176 Dead in Sierra Leone Cholera Outbreak

Sierra Leone has been battling a severe outbreak of cholera for several months, but headlines have been scarce on the topic in the United States, despite the severity of the situation. The government of the northwestern African nation officially announced this month that the cholera outbreak is a national emergency after at least 176 deaths have been recorded. Al Jazeera notes that at least 10,800 cases of the disease have been reported since the beginning of the year.

The health ministry made an announcement which also suggests that the infection is spreading much further than just a few isolated areas with poor sanitation but into other urban areas of the nation. The World Health Organization has reported that at least eight of the 13 districts in Sierra Leone are seriously affected by cholera currently, and the west is of particular concern.

One particular neighborhood in the western part of the country, Susan’s Bay, has faced extremely bad conditions in the face of the growing pandemic. Situated to the east of the Freetown, this area has been particularly hard hit. All Africa quotes one of the leaders of the Susan’s Bay community, Mohamed Conteh, who said this about the sanitation situation:

Our authorities are not serious in addressing Cholera because since the outbreak, nobody has visited this community to sensitize us about the preventive methods. We are only being protected by God.

It has taken the government several months before any kind of task force was organized to address the situation. On Friday officials announced that a team would be sent out to sanitize households, clean up market stalls (where produce carrying cholera might dwell), and chlorinate wells in various neighborhoods.

Cholera spreads quickly in contaminated water and currently only about 57 percent of Sierra Leoneans have access to clean water. Most communities lack sanitary toilet facilities. The Africa Review notes that about 60 percent of toilets are pit toilets that often drain right into sources of drinking water.

Volunteer organizations have been trying to reach cases throughout the country in recent weeks, including the Sierra Leone Red Cross. One state doctor blamed heavy rainfall for some of the sanitation issues in the area, stating:

We are many times overstretched working from mornings to late evenings. The unprecedented rainfall which is dislodging clogged-up gutters and bringing garbage into the streets has added to the filth.

Cholera is an infection that disrupts the digestive system causing fever, diarrhea and vomiting. It can often be fatal and children are quickly affected by it. Another outbreak of the infection occurred this summer in Cuba where it was quickly contained, according to Cuban health officials.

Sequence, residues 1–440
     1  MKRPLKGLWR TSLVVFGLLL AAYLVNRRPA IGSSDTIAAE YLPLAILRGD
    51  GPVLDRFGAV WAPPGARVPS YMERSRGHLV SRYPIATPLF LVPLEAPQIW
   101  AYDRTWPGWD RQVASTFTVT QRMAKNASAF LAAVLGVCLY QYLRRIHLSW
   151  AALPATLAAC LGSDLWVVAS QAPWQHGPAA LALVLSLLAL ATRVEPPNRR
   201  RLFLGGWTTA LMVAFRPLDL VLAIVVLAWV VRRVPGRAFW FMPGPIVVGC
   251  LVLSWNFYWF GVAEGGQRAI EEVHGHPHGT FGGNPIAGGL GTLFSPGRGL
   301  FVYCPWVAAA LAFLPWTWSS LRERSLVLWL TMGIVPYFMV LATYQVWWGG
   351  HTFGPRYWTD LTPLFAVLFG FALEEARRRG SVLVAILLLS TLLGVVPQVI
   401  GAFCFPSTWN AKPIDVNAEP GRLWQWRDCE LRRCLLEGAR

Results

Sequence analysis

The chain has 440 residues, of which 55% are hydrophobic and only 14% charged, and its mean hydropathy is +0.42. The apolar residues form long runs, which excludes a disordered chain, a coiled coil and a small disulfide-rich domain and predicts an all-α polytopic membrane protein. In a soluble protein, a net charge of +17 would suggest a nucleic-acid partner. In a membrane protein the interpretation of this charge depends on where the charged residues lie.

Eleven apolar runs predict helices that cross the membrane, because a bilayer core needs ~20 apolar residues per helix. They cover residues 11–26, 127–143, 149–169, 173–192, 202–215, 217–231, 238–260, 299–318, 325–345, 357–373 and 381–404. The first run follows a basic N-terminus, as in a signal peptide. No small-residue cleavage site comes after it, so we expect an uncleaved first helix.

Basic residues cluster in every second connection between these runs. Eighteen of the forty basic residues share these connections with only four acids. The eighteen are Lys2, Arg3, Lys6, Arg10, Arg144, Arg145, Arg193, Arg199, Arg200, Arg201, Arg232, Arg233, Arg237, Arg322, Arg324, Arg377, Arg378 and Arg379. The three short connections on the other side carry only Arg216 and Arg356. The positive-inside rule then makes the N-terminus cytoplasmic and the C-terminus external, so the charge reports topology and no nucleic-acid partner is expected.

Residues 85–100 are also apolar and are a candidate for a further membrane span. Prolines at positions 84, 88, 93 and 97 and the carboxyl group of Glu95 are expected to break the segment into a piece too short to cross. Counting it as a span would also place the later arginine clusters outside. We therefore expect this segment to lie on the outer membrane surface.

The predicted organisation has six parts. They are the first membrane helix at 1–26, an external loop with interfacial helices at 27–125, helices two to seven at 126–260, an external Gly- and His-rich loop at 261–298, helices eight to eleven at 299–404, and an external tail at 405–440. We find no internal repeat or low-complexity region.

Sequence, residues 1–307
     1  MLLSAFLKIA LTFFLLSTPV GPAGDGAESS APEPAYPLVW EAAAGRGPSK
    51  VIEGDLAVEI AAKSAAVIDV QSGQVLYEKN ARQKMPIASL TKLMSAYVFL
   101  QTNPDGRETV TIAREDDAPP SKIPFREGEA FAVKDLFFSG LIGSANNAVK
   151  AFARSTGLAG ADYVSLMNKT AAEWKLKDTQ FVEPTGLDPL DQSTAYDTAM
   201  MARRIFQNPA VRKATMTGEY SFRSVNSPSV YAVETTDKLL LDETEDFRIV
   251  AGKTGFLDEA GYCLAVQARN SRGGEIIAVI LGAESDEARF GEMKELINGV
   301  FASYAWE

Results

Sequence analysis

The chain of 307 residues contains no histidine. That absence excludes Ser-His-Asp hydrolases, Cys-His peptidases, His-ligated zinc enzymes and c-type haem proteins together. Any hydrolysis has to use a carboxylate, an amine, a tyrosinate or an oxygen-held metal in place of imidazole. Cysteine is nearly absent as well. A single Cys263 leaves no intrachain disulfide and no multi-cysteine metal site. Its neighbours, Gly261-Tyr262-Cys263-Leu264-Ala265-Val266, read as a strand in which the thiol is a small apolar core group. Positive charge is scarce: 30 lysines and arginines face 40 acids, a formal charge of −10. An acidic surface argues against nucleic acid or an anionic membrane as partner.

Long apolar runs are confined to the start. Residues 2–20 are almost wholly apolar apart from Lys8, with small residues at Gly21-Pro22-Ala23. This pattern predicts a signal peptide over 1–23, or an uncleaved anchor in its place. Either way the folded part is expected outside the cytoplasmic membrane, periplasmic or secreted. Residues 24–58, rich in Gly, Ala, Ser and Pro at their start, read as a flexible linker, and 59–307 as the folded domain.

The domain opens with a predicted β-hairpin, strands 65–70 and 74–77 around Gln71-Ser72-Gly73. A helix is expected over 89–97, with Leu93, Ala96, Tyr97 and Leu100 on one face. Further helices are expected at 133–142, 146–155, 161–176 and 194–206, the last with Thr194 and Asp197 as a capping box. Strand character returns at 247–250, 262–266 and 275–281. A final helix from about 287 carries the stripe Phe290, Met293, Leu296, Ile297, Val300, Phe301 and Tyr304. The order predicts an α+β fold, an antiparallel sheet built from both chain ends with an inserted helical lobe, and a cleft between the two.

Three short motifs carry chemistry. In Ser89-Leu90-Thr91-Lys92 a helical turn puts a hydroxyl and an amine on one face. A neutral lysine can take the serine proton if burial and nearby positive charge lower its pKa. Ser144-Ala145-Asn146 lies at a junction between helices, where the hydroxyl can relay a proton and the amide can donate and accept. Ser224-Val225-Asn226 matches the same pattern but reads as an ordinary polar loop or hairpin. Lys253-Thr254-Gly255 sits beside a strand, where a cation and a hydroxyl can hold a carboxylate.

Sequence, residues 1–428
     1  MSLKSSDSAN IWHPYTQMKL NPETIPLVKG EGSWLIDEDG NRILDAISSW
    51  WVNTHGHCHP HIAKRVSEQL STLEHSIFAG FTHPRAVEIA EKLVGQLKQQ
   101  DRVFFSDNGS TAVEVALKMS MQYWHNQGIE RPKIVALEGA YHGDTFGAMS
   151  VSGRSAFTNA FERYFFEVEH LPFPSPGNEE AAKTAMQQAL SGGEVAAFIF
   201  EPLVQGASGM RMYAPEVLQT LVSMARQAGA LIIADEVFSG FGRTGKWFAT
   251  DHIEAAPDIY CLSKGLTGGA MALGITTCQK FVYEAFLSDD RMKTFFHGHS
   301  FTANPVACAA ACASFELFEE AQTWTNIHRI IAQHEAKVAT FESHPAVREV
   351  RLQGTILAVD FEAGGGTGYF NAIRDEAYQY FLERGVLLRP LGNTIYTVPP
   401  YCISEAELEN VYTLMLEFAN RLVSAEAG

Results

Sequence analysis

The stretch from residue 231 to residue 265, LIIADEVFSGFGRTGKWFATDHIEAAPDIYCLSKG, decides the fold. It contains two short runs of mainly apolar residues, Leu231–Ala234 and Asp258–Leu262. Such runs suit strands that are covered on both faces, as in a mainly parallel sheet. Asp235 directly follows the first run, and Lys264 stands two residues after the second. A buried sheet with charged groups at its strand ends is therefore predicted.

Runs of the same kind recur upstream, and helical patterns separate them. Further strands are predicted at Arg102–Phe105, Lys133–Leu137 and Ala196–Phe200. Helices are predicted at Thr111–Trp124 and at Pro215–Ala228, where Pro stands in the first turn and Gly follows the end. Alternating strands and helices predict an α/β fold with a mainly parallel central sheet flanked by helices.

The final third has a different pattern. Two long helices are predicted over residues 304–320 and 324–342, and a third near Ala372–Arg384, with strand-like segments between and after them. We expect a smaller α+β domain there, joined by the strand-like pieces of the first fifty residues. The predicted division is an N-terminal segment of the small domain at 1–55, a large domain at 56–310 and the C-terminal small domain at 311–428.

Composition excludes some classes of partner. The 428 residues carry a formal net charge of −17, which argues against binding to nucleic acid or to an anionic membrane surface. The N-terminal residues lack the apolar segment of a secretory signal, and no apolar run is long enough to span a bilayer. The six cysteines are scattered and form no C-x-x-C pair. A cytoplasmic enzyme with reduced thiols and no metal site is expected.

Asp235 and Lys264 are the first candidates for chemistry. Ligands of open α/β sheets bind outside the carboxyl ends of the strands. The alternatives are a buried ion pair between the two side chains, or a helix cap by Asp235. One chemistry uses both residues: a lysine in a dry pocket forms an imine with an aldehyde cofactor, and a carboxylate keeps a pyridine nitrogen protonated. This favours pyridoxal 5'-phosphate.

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Photo Credit: Vardion

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Sam M.
Sam E M.3 years ago

Nasty, and seems like a lot of time was wasted before any action was taken.
We take clean water for granted, we forget so many countries are not so lucky.

Winn Adams
Winn Adams3 years ago

very sad news . . . . .

Marianne Good
Past Member 3 years ago

Thanks for sharing.

Suzanne B.
Past Member 3 years ago

Shocking! Perhaps Bill Gates is on the right track - update toilets and recycle the waste. Now, as for clean water - where has all the money gone over the years which was earmarked for the Underdeveloped Nations by United Nonsense programmes? Water purification does exist as Care2 can show you.

J.L. A.
JL A.3 years ago

Sanitation and clean water are essentials to avoid cholera--note the fuel cell article in the news that can help address sanitation, especially for urban areas along with the energy for boiling water Rolf.

Vicky Pitchford
Vicky P.3 years ago


Thomas Brueckner
Thomas Brueckner3 years ago

No wonder that the cholera is back.The science here not to help,but to kill people.All that try on animals in their animal experimental laboratories is all for making money for such facilities, and not for healing humans.Why wonder that the tubercolosis is back in Russia after 50 years.
I think we will get more and more epidemics the government and science are stand against them helpless.It's all the guilty of us humans that our world is looking like today.

Terry Vanderbush
Terry V.3 years ago


Jennifer C.
Past Member 3 years ago

Sadly noted.

Heather M
Heather Marv3 years ago

Children under five are at the greatest risk from dying from contaminated water. There are Organisations like Life Outreach that put down wells to bring clean water to these communities. One of the best things to do for others I believe is to give them clean water.